Bureau of Nonproliferation
October 22, 2004
Japanese Regional Proliferation Security Initiative (PSI) Maritime Interdiction Exercise (Team Samurai '04)
The Purpose of the Exercise
Japan will host a PSI [Proliferation Security Initiative] maritime interdiction training exercise, Team Samurai, October 25-27, 2004. The purpose of the Japanese exercise is to enhance the level of training and interoperability among the agencies of participating countries in carrying out WMD-related maritime interdictions. This is the twelfth exercise in support of PSI since September 2003, and the first hosted by Japan. It highlights the importance of the Proliferation Security Initiative in the Asian-Pacific region.
PSI: A Global Initiative
While not aimed at any one country, Proliferation Security Initiative participants noted in statements at the Brisbane meeting in July 2003 that North Korea and Iran are countries of concern. Given that North Korea is one of the most aggressive proliferators of missiles and related technologies, and has threatened to export nuclear materials or dangerous weapons, we expect that Proliferation Security Initiative activities will affect North Korea’s proliferation activities at some point.
Japan, the United States, Australia, and France will contribute operational assets to the exercise. Canada, Cambodia, Germany, Greece, Italy, the Netherlands, New Zealand, Norway, Philippines, Poland, Portugal, Russia, Singapore, Spain, Sweden, Thailand, Turkey, and the UK will participate as observers.
For the United States, the U.S. Navy frigate USS Vandegrift and an eleven-person U.S. Coast Guard Law Enforcement Detachment (LEDET) ship-boarding team will participate in the Japanese exercise. The LEDET team will embark in and deploy from USS Vandegrift via the frigate’s Rigid Hull Inflatable Boat (RHIB).
The Exercise Scenario
Japan receives intelligence of a suspected chemical weapons-related shipment on a Japanese flagged ship (Yokohama Autumn) scheduled to come to port in Japan and the shipment’s subsequent transfer to an American flagged ship (American Summer) sailing towards Japan. Both ships are on the high seas. The Japan Self Defense Forces and Coast Guard maritime patrol aircraft track the ships. The Japanese Coast Guard boards the Japanese flagged vessel, finds the illicit cargo, and directs the Japanese ship to port. Japanese authorities direct Australian, U.S., and French vessels to the U.S. flagged ship, which is subsequently boarded. Japanese authorities assist in identifying the transferred shipment, which is subsequently identified as illicit cargo and seized.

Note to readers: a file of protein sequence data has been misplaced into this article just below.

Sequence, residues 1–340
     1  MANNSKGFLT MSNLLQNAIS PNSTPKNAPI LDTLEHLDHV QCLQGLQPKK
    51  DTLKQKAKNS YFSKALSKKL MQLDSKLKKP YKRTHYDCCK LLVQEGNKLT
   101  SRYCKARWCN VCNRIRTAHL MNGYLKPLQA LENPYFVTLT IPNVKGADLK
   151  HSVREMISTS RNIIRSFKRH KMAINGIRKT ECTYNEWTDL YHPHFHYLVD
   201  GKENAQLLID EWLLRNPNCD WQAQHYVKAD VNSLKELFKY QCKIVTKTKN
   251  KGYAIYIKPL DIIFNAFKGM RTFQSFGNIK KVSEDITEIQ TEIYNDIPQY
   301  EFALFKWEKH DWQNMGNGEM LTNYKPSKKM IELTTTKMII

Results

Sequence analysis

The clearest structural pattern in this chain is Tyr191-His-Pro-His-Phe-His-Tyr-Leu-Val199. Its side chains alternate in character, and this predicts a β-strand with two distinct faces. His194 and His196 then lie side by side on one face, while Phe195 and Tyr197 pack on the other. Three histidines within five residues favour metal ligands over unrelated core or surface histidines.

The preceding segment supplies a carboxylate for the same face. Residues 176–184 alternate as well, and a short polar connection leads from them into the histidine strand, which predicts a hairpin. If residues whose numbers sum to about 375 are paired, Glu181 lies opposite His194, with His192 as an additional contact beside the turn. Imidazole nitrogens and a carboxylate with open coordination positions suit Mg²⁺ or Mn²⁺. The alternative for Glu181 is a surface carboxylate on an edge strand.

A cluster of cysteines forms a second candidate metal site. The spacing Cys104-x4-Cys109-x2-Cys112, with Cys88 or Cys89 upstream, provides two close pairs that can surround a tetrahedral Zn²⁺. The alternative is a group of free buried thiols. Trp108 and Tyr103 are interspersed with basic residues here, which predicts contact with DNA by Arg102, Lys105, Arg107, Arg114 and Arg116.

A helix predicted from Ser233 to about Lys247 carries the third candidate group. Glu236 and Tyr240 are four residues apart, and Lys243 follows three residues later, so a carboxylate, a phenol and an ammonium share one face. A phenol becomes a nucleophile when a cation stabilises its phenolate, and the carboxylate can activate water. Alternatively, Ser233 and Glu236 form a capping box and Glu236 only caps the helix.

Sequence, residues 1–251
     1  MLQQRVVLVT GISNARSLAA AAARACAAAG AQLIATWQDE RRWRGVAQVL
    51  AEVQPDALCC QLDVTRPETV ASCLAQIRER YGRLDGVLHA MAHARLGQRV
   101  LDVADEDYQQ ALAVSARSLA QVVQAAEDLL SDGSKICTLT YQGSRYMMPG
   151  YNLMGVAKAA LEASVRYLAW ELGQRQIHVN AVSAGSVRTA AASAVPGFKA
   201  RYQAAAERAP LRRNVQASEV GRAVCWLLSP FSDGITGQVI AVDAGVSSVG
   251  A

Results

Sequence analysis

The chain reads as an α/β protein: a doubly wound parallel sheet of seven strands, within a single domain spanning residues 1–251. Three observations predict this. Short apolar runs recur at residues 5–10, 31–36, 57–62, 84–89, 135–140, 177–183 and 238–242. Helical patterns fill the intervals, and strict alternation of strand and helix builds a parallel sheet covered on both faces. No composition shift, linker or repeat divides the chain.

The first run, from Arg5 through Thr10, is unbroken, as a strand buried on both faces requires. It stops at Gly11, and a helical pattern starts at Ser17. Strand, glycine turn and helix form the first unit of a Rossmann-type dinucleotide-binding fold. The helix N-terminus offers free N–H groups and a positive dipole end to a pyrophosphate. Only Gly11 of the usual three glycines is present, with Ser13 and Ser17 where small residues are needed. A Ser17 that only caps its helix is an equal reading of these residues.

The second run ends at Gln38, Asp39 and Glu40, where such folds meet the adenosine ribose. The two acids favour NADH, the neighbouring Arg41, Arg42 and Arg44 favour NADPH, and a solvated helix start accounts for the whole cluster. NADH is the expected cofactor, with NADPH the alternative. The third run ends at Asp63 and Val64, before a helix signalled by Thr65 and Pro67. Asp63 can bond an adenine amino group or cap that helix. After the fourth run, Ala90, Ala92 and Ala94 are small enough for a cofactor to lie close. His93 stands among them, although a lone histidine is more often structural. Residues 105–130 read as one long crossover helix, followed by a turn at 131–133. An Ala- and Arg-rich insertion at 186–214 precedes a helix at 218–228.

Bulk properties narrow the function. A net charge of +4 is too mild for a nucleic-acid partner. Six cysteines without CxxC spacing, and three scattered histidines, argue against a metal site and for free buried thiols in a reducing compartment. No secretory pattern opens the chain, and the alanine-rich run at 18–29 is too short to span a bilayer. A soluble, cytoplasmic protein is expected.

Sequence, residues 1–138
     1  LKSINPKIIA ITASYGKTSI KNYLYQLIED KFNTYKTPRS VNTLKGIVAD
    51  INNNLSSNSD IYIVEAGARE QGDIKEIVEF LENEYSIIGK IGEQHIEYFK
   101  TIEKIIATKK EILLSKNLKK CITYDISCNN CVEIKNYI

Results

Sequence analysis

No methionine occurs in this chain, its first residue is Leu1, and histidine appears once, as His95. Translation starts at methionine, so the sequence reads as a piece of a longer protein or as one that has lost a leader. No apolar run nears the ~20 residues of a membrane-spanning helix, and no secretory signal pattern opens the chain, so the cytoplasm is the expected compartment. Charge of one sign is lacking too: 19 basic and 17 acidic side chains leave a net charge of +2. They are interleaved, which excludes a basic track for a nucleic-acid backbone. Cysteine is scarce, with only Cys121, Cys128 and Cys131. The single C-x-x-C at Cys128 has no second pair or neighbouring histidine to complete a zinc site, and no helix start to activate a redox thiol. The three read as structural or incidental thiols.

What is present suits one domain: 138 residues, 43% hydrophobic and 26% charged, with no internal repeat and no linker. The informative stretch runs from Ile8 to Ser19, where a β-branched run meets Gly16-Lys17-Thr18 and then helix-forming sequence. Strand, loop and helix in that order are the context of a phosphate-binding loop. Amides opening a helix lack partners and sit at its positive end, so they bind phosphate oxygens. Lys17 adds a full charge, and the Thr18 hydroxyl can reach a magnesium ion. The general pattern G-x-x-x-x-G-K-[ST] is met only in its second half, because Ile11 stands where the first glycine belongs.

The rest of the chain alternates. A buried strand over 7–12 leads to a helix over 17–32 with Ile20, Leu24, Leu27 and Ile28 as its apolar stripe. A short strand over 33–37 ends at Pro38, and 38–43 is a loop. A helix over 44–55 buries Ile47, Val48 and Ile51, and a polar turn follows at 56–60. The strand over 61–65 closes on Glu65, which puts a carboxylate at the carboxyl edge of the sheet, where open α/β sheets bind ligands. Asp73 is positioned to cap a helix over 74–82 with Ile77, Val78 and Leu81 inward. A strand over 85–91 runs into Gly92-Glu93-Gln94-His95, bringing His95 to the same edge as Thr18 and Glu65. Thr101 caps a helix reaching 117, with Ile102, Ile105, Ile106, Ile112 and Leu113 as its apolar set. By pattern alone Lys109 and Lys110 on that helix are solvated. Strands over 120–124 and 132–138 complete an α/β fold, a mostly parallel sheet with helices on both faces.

What is the Proliferation Security Initiative?
President Bush announced the Proliferation Security Initiative in Krakow, Poland May 31, 2003. Since then more than 60 countries have indicated support for Proliferation Security Initiative, which is an activity not an organization. The goal of the Proliferation Security Initiative is to create a more dynamic, creative, and proactive approach to preventing proliferation transfers to or from nation states and non-state actors of proliferation concern.
In September 2003, 11 countries agreed to and published the Proliferation Security Initiative Statement of Interdiction Principles. These identify specific steps for effectively interdicting weapons of mass destruction shipments and preventing proliferation facilitators from engaging in this deadly trade. Participation is voluntary.
The Proliferation Security Initiative is part of an overall counterproliferation effort intended to apply intelligence, diplomatic, law enforcement, and other tools at our disposal to prevent transfers of weapons of mass destruction-related items to countries and entities of concern. UN Security Council Resolution 1540, proposed by the President and adopted unanimously by the Council in April 2004, calls on all states to take cooperative action to prevent trafficking in weapons of mass destruction.